At the end of St. Joseph’s Day, the altar is symbolically broken in the “Tupa tupa” ceremony and the food and donations are distributed to charity. You will probably also get handed a fava bean for luck, and a bag of cookies to take home. And if you manage to steal a lemon from the altar it means you will get married (or have a baby) by the next St. Joseph’s Day. We love to go around New Orleans and the surrounding area on St. Joseph’s Day and visit all of the altars, since no two are alike. For 2018 we found a few guides (Italian American Center, ABC) to all of the St. Joseph’s Day churches in the area.
Happy Pi(e) Day! In honor of this auspicious day, we are revisiting one of our favorite places for pie, Honeypie (2643 S Kinnickinnic Ave, Milwaukee, WI 53207) in Milwaukee. Our two favorite things about Honeypie are 1. the PIE and 2. the fact that there is something for everyone. The restaurant is decorated with a classic Wisconsin Northwoods theme, with wooden walls, reclaimed wood booths, maps and vintage Wiscoonsin-y items.
Most importantly, there is a dessert case in the back with a variety of pies, biscuits, sweet breads and cupcakes. Over the years, we have sampled a number of Honeypie’s pies, and we have never been let down. Some of our favorites include the black bottom banana cream pie, Milwaukee mud pie, strawberry rhubarb and ginger chai cream. You can order a whole pie in advance ($29 or $32) or by the slice ($6). You can also ship miniature Honeypie pies anywhere in the nation through their Piegram service. To take the pie love to another level, they even host pie-making classes.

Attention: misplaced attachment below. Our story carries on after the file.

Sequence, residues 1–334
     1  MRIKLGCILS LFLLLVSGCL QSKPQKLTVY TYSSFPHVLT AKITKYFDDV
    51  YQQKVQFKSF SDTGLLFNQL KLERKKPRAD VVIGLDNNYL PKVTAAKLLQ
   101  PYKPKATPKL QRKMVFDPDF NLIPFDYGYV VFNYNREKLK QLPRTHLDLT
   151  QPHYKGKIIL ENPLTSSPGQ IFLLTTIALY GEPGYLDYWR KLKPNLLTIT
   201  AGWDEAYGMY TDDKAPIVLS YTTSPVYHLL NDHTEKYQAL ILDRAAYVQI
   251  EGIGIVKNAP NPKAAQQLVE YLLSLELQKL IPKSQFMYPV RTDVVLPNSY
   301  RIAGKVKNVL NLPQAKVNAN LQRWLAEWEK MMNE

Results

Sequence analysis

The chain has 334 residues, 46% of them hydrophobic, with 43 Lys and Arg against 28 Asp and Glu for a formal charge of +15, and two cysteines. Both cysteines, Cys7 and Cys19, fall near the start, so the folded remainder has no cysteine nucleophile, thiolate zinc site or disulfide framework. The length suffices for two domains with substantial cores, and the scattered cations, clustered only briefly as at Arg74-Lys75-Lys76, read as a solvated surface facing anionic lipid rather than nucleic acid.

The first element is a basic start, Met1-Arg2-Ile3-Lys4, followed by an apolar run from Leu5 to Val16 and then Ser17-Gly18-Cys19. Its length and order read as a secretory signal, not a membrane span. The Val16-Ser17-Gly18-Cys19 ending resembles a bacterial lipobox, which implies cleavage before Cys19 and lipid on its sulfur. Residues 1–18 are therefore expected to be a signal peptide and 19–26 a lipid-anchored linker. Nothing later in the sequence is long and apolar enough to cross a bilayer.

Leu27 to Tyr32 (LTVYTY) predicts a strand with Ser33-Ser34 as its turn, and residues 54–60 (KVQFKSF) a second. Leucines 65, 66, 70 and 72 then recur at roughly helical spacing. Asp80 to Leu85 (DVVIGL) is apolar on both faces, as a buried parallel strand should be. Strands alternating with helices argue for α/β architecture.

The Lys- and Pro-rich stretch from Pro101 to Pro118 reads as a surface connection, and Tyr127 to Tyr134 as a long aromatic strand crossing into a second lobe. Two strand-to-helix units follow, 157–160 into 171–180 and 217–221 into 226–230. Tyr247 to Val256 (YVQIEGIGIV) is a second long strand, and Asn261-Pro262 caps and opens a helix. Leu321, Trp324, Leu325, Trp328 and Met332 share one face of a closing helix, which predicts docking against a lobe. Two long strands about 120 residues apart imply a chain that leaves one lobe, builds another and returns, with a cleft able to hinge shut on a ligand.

There is also a large food menu, with Midwestern classics like mac and cheese ($14), grilled cheese with tomato soup ($11), a classic Friday Fish Fry ($16) and – a treat unique to the upper Midwest – the Cornish pasty ($10). There is also more elevated fare like scallop ceviche ($15) and confit chicken ($24). Honeypie is an all-day restaurant and you can also get brunch or a drink off of their full menu of drinks and local beers. So whether you are in the mood for pie, a Bloody Mary or mac and cheese, you will find just what you want at Honeypie.
When we went to Barcelona we were not expecting to find Bulgarian food, but that is indeed what we got when we stumbled upon Banitsa (Carrer de la Diputació, 188, 08011 Barcelona, Spain), a hole in the wall cafe serving sweet and savory pastries by the same name. Banitsa is truly tiny, and there is no AC, but the friendly service and good food more than made up for it. The menu basically consists of either sweet or savory varieties of Banitsa (€3). So what exactly IS as Banitsa? It is a filo dough pastry coiled around a filling, similar to a small version of borek, and is popularly eaten as a breakfast food in Bulgaria.
The banitsa offered in Barcelona are a bit more avante-garde and contain fillings you are unlikely to see in Sofia: mint and pear, chocolate and orange, pumpkin and blue cheese and coconut milk curry. There are many vegetarian and vegan options, and even a gluten-free banitsa. The pastry case also contained some tempting-looking cakes including the classic Medovnik honey layer cake. To round out your meal, you can also get coffee, lemonade, tea, yogurt and hearty soups. There is also a small selection of Bulgarian groceries. We sampled chocolate and sesame seed and cheese varieties, both of which were excellent, and we loved the mini-burek format. if you are looking to get off the tourist track and try something new in Barcelona we heartily recommend Banitsa.